"America will never be destroyed from the outside. If we falter and lose our freedoms, it will be because we destroyed ourselves." - Abraham Lincoln

Along the way, we've had a few truly legendary men to serve as bastions for the GOP.  But here's the funny thing--the coolest Republicans have never fallen in lockstep with a boilerplate political platform.  They set new standards.  They think of republican principles first, and only after that do they define Republican platforms.  Teddy Roosevelt was an environmentalist, for example.  That's not a value typically assigned to the Republican platform, but it should be noted it was there.

“I am an American; free born and free bred, where I acknowledge no man as my superior, except for his own worth, or as my inferior, except for his own demerit.” ― Theodore Roosevelt

Freedom, for our nation as a value but also for  individuals, is the one common thread that has held the Republican Party together for decades.  In his later years, when the issue was thrust onto the national political agenda, Barry Goldwater--the conservative standard-bearer Barry Goldwater--became an advocate for gay rights.  Some people think maybe he was off his rocker toward the end.  I think he understood the republican value that my rights only extend so far as they do not infringe on another man's freedom.

"Equality, rightly understood as our founding fathers understood it, leads to liberty and to the emancipation of creative differences; wrongly understood, as it has been so tragically in our time, it leads first to conformity and then to despotism." - Barry Goldwater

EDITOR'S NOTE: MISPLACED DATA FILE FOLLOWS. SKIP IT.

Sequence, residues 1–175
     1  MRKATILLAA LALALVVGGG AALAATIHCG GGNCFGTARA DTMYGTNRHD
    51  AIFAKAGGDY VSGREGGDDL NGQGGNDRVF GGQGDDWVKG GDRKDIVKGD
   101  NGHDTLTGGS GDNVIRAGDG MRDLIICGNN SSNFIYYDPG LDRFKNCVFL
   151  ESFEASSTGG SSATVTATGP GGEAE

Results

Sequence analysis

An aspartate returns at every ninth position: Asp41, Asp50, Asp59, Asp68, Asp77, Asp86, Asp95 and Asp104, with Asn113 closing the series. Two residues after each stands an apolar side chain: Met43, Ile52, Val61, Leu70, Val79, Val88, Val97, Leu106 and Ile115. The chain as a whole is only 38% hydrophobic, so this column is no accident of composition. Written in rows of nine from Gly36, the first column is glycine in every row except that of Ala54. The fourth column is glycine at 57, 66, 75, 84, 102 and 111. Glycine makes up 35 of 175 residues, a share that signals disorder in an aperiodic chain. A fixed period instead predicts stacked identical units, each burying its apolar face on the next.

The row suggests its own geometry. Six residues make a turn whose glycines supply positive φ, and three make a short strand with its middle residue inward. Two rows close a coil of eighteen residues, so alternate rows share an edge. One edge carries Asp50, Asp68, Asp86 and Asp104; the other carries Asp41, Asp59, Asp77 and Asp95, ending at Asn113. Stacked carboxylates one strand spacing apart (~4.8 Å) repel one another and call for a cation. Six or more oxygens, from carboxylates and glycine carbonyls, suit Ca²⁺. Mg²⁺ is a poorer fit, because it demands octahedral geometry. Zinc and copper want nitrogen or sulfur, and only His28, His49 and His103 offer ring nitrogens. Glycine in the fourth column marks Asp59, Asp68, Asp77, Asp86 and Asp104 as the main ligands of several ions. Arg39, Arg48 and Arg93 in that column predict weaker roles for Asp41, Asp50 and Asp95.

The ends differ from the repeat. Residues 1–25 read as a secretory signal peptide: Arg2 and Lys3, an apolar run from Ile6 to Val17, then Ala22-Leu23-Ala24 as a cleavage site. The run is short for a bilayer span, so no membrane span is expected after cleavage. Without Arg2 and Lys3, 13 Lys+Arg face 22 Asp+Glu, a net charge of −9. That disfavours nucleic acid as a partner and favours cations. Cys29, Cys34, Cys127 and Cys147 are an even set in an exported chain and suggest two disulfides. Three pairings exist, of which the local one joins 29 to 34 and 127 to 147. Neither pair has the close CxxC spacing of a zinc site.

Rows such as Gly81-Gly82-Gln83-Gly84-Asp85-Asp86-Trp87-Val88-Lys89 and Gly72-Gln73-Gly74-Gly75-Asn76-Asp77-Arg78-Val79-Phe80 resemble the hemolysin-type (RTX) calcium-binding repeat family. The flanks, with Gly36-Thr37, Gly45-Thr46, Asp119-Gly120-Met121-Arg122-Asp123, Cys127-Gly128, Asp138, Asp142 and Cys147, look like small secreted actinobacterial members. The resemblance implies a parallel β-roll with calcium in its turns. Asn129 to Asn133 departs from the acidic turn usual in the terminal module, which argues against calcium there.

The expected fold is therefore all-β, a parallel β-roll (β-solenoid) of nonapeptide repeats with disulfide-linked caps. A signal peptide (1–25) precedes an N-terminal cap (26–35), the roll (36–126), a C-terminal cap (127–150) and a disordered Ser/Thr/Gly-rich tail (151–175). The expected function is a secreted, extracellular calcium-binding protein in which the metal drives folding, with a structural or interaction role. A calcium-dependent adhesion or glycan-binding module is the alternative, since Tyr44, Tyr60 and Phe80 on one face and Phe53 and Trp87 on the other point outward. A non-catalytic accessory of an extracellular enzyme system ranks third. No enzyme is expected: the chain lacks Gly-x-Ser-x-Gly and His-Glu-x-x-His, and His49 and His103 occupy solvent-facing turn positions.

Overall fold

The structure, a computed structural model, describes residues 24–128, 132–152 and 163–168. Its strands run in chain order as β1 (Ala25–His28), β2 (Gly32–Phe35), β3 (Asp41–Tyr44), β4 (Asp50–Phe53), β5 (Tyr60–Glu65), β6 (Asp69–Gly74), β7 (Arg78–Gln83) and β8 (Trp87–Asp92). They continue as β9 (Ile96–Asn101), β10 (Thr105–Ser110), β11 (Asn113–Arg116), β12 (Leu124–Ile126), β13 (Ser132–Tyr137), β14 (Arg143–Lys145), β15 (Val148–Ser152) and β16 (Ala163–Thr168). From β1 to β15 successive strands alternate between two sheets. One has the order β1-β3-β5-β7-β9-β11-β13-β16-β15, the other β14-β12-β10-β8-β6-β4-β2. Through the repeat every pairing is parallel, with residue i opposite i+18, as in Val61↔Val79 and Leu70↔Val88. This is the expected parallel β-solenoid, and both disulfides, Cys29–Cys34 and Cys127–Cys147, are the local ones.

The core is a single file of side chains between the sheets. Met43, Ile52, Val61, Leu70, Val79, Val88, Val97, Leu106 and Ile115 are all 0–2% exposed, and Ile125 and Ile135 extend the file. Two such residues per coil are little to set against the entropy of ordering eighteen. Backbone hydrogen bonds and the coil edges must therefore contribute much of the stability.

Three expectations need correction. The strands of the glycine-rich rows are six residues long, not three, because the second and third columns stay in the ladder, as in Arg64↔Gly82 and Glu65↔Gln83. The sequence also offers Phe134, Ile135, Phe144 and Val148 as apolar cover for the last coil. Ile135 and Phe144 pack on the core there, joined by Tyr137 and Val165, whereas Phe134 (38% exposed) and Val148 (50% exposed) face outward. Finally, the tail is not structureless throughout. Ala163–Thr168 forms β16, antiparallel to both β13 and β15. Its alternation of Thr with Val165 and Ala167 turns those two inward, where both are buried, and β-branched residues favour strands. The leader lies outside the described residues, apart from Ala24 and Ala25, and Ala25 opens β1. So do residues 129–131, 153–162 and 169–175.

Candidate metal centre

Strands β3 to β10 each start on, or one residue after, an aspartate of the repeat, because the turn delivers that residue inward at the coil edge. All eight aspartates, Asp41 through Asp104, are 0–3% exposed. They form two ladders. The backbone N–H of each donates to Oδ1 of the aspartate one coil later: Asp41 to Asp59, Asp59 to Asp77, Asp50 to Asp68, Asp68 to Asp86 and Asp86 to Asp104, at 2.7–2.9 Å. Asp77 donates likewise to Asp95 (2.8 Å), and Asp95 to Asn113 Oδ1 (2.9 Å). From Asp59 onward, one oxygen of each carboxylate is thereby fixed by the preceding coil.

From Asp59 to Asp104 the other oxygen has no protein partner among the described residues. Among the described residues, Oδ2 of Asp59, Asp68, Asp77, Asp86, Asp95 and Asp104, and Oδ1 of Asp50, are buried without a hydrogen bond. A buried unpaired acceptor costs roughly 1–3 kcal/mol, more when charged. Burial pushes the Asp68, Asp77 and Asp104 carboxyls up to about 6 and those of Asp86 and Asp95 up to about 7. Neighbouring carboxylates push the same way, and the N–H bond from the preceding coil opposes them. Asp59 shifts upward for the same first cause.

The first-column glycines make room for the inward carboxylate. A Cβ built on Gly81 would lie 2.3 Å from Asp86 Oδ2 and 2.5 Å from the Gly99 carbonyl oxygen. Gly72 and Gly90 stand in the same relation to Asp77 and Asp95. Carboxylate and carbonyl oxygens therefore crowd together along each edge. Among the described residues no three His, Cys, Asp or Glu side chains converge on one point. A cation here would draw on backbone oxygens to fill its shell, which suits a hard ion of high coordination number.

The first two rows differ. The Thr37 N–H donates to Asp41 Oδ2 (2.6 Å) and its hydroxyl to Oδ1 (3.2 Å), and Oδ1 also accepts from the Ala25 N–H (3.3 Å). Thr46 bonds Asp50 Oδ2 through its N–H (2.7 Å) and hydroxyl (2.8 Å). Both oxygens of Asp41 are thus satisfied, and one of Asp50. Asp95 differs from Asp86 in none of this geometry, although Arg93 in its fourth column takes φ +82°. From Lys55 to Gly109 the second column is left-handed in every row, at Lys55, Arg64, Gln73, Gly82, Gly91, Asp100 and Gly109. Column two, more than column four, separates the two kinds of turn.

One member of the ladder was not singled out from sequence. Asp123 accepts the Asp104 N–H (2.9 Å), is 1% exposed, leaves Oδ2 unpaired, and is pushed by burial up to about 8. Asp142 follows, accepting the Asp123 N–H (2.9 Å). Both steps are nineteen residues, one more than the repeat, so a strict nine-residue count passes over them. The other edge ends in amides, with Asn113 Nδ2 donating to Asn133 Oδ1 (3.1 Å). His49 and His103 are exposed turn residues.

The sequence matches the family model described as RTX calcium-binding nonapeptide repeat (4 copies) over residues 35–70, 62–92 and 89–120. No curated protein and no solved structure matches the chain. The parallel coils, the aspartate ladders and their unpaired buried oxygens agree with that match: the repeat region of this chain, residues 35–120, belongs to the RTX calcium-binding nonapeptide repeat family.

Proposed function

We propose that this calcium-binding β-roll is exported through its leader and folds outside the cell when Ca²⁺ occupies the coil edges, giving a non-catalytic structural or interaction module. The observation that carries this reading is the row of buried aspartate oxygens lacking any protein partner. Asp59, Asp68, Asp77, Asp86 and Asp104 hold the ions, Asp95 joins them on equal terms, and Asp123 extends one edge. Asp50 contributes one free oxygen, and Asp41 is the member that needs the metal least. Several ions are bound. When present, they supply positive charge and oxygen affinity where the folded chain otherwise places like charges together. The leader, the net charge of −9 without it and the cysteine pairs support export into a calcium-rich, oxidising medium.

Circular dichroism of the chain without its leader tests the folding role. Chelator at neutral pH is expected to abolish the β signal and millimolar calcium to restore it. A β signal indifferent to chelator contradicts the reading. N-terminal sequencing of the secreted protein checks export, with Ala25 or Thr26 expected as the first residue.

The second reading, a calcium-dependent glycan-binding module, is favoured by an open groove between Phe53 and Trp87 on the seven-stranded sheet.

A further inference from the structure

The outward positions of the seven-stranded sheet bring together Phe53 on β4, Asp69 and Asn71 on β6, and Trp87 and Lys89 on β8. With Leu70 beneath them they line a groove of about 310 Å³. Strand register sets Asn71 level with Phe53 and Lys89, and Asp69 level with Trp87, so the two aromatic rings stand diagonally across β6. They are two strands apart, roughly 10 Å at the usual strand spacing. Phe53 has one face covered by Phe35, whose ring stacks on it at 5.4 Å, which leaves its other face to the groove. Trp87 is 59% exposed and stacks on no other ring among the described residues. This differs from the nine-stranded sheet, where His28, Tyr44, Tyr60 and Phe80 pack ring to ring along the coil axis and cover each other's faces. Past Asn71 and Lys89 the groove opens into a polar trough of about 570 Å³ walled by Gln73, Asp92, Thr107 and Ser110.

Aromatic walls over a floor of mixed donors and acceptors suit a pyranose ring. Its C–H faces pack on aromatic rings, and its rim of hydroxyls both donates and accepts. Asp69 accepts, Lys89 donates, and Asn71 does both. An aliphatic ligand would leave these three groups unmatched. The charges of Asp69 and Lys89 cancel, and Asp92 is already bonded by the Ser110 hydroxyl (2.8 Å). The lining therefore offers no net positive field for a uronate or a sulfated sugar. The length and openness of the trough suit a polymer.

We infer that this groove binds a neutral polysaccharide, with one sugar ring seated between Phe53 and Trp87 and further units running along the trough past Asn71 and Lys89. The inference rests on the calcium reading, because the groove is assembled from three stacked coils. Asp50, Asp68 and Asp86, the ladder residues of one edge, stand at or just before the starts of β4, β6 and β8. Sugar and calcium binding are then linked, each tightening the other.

So when you're determining your campaign's key issues, when you're interacting with voters--especially those who don't completely agree with you--and when you're trying to decide what "type" of "Republican" you're going to be, please remember Thomas Jefferson's original vision for what it means to be republican.

"I hope we have once again reminded people that man is not free unless government is limited. There's a clear cause and effect here that is as neat and predictable as a law of physics: as government expands, liberty contracts." - Ronald Reagan

So what is the answer to Mr. Cuomo's question?  Lincoln said "a house divided against itself cannot stand," and that's just as true today as it was when our nation was ripping itself in two.  Will the Republican Party split itself out of existence, leaving only moderate Democrats and Socialists to run the country?  Or will we find some common ground to stand on?  If you intend to be a candidate for office this year, no matter how big or small, you are an integral part of answering that question.

What kind of Republican will you be?  Hopefully one who thinks for himself.  Don't allow yourself to be trapped by terms like "conservative," "establishment," "Tea Party," and so on.  You can be a part of those things without being a slave to them.

"The ultimate determinate in the struggle now going on for the world will not be bombs and rockets but a test of wills and ideas - a trial of spiritual resolve; the values we hold, the beliefs we cherish and the ideas to which we are dedicated." - Ronald Reagan